3. Effect of shear forces and ageing on the compliance of adhesive pads in adult cockroaches.

    PubMed

    Zhou, Yanmin; Robinson, Adam; Viney, Christine; Federle, Walter

    2015-09-01

    The flexibility of insect adhesive pads is crucial for their ability to attach on rough surfaces. Here, we used transparent substrates with micropillars to test in adult cockroaches (Nauphoeta cinerea) whether and how the stiffness of smooth adhesive pads changes when shear forces are applied, and whether the insect's age has any influence. We found that during pulls towards the body, the pad's ability to conform to the surface microstructures was improved in comparison to a contact without shear, suggesting that shear forces make the pad more compliant. The mechanism underlying this shear-dependent increase in compliance is still unclear. The effect was not explained by viscoelastic creep, changes in normal pressure, or shear-induced pad rolling, which brings new areas of cuticle into surface contact. Adhesive pads were significantly stiffer in older cockroaches. Stiffness increased most rapidly in cockroaches aged between 2.5 and 4 months. This increase is probably based on wear and repair of the delicate adhesive cuticle. Recent wear (visualised by Methylene Blue staining) was not age dependent, whereas permanent damage (visible as brown scars) accumulated with age, reducing the pads' flexibility.

  4. Single-molecule force spectroscopy of the Aplysia cell adhesion molecule reveals two homophilic bonds.

    PubMed

    Martines, E; Zhong, J; Muzard, J; Lee, A C; Akhremitchev, B B; Suter, D M; Lee, G U

    2012-08-22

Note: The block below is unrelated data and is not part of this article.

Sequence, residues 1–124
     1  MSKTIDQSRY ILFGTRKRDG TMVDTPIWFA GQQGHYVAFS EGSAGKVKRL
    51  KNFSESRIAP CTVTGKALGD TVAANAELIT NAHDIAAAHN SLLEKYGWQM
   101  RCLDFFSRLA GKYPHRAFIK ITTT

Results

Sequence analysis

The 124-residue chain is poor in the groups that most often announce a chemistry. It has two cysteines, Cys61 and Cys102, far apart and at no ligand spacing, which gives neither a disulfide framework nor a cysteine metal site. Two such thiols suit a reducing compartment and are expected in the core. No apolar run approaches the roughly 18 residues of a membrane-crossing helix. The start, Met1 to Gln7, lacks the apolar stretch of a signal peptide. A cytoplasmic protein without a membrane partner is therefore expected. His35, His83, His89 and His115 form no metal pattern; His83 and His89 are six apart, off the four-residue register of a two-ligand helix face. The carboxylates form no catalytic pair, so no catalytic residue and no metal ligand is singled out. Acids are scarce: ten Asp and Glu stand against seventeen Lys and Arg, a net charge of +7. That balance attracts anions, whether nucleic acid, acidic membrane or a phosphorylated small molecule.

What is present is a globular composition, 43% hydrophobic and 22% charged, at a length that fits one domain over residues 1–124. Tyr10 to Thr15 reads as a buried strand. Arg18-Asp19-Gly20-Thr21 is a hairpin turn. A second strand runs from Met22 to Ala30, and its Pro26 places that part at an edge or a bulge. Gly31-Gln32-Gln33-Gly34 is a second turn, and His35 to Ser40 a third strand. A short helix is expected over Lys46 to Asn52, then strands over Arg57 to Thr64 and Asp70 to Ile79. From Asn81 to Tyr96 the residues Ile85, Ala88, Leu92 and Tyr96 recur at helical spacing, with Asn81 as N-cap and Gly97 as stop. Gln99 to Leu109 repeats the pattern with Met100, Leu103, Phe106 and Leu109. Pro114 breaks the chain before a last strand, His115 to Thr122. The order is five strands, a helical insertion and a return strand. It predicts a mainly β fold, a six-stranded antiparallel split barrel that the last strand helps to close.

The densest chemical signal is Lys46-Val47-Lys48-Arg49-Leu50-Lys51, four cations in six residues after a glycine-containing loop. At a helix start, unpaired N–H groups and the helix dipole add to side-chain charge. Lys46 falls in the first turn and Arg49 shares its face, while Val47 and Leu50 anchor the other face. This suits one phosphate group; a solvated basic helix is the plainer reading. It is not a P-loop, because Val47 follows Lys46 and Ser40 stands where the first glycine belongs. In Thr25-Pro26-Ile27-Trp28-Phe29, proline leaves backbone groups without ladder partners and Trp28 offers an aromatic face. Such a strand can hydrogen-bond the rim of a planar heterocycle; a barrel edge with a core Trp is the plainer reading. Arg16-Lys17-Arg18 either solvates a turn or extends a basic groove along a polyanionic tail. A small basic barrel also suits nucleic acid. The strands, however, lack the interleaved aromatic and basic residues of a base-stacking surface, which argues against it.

Aplysia californica neurons comprise a powerful model system for quantitative analysis of cellular and biophysical properties that are essential for neuronal development and function. The Aplysia cell adhesion molecule (apCAM), a member of the immunoglobulin superfamily of cell adhesion molecules, is present in the growth cone plasma membrane and involved in neurite growth, synapse formation, and synaptic plasticity. apCAM has been considered to be the Aplysia homolog of the vertebrate neural cell adhesion molecule (NCAM); however, whether apCAM exhibits similar binding properties and neuronal functions has not been fully established because of the lack of detailed binding data for the extracellular portion of apCAM. In this work, we used the atomic force microscope to perform single-molecule force spectroscopy of the extracellular region of apCAM and show for the first time (to our knowledge) that apCAM, like NCAM, is indeed a homophilic cell adhesion molecule. Furthermore, like NCAM, apCAM exhibits two distinct bonds in the trans configuration, although the kinetic and structural parameters of the apCAM bonds are quite different from those of NCAM. In summary, these single-molecule analyses further indicate that apCAM and NCAM are species homologs likely performing similar functions.

  5. Adhesive forces and surface properties of cold gas plasma treated UHMWPE

    PubMed Central

    Preedy, Emily Callard; Brousseau, Emmanuel; Evans, Sam L.; Perni, Stefano; Prokopovich, Polina

    2014-01-01

    Cold atmospheric plasma (CAP) treatment was used on ultra-high molecular weight polyethylene (UHMWPE), a common articulating counter material employed in hip and knee replacements. UHMWPE is a biocompatible polymer with low friction coefficient, yet does not have robust wear characteristics. CAP effectively cross-links the polymer chains of the UHMWPE improving wear performance (Perni et al., Acta Biomater. 8(3) (2012) 1357). In this work, interactions between CAP treated UHMWPE and spherical borosilicate sphere (representing model material for bone) were considered employing AFM technique. Adhesive forces increased, in the presence of PBS, after treatment with helium and helium/oxygen cold gas plasmas. Furthermore, a more hydrophilic surface of UHMWPE was observed after both treatments, determined through a reduction of up to a third in the contact angles of water. On the other hand, the asperity density also decreased by half, yet the asperity height had a three-fold decrease. This work shows that CAP treatment can be a very effective technique at enhancing the adhesion between bone and UHMWPE implant material as aided by the increased adhesion forces. Moreover, the hydrophilicity of the CAP treated UHMWPE can lead to proteins and cells adhesion to the surface of the implant stimulating osseointegration process. PMID:25431523